[asdf-devel] Alternate default lisp system location
Robert P. Goldman
rpgoldman at sift.info
Thu Mar 13 16:34:33 UTC 2014
Stelian Ionescu wrote:
> On Wed, 2014-03-12 at 23:30 -0400, Daniel Herring wrote:
>> On Wed, 12 Mar 2014, Faré wrote:
>>> Major changes like that happen less than once a year (ASDF 2 in 2010,
>>> ASDF 3 in 2013, ASDF 3.1 soon in 2014), and while
>>> backward-compatibility has always been a huge priority, improvements
>>> sometimes do mean the recommended way of using ASDF changes, for the
>> For essential infrastructure like what ASDF claims to be, I expect major
>> changes to happen less than once every 5 to 10 years.
> You can expect whatever you want, but unless somebody is paid full-time
> to work on ASDF, it's not going to happen.
Agreed. Tell me: am I to piss our contributors off by refusing to
accept their patches, in order to make happy the people who contribute
only complaints? New features may simply be the price users pay to have
bugs getting fixed.
>> The more backwards compatibility, the better. Projects like glibc
>> have developed significant infrastructure to enable transparent
>> improvements (see the ABI compliance checker, DSO symbol versioning,
> See above. That kind of backwards-compatibility is very difficult and
We spend a great deal of time maintaining backwards compatibility.
Consider how much work was spent making the bug-fix coming from
PREPARE-OP from breaking previous OPERATION subclasses. Similarly, as
someone who still uses ASDF:*CENTRAL-REGISTRY*, maintaining that is
substantial backwards compatibility.
I find this complaint to be quite unfair considering what actually goes
on in the maintenance of ASDF.
>> Every breaking change inflicts cost on a fraction of the existing
>> userbase, in exchange for some proposed benefit to future users. Every
>> time I have to debug breakage and change something or redesign my workflow
>> to maintain existing capability, it encourages me to explore other, more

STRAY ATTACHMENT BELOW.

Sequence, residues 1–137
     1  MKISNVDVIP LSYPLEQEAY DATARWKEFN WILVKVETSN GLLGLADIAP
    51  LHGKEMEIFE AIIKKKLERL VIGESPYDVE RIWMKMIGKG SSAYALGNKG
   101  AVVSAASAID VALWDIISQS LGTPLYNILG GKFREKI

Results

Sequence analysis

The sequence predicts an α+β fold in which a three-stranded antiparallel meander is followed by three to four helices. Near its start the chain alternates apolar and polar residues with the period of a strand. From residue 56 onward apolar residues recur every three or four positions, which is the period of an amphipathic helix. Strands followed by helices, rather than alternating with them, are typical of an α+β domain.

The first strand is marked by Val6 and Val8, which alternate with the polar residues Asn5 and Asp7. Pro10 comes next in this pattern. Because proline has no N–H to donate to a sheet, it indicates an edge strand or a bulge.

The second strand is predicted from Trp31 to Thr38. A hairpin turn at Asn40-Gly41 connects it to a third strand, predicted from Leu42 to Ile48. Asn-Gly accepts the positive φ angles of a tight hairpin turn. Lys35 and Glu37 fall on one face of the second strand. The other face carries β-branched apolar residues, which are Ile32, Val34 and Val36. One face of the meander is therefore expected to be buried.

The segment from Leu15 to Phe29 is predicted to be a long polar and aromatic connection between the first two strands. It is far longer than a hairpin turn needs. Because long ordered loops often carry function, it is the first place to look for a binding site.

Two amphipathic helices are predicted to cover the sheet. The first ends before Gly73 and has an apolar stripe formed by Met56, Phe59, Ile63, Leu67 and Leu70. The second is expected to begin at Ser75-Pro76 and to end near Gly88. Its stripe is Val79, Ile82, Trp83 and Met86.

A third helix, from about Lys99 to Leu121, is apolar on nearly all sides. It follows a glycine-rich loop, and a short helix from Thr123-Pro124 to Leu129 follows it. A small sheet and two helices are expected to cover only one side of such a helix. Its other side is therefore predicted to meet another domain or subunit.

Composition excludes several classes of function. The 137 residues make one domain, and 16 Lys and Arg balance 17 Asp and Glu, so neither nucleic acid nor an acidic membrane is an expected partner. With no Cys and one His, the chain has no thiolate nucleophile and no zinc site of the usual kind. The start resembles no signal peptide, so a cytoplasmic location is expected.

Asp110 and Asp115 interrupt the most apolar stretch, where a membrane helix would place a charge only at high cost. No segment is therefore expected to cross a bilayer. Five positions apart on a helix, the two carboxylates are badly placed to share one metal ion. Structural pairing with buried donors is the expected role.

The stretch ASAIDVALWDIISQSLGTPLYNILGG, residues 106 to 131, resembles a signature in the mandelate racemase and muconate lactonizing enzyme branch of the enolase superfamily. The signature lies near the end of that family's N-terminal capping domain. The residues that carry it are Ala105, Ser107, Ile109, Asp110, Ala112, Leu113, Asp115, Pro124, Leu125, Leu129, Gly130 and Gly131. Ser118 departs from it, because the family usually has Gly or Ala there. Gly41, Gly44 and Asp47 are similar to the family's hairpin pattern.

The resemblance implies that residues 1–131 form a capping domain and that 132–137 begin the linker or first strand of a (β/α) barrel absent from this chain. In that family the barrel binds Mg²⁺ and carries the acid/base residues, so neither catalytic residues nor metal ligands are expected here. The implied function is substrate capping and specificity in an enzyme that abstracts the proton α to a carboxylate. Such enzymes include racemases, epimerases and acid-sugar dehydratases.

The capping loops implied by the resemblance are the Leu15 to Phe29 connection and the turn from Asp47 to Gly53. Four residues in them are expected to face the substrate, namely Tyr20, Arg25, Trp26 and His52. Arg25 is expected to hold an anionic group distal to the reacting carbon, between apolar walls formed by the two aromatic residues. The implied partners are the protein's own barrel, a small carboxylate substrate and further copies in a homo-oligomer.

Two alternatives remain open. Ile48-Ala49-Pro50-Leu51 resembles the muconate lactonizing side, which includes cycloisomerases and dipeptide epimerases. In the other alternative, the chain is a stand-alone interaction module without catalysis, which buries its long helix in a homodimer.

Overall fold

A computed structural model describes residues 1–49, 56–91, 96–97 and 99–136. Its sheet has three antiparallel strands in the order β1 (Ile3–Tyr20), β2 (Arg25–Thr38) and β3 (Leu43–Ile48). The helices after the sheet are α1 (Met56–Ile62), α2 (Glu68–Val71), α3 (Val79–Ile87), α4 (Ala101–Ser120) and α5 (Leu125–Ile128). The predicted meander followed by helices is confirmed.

>> stable or better designed options...
>> Sometimes "good ideas" fade after a month or two of reflection. Some
>> survive the test because the benefit truly outweighs the cost. When that
>> is the case, it is often helps to give the community time to prepare and
>> minimize the number of times the community must change. So propose the
>> change, allow a long RFC window, allow users to obtain test
>> implementations (while still promoting the stable branch), wait a while
>> for several changes to collect before pushing them into major new
>> releases, etc.
> I agree that an RFC-like process would be useful, instead of jumping in
> and implementing new features, as long as it's not too lengthy.
It has, in fact, been a long time since ASDF's last release, October
2013. During that time, there have been a very large number of tagged
versions available to the community.
I don't think that this community can afford the time, nor can it muster
the interest, to deal with such an RFC process.
Furthermore, I don't find people stumbling over each other to install
ASDF prereleases from git and report bugs they find. So who exactly is
going to be participating in this RFC process? And who is going to be
testing these prereleases? We have quite a small community of testers,
to whom I am very, very grateful.
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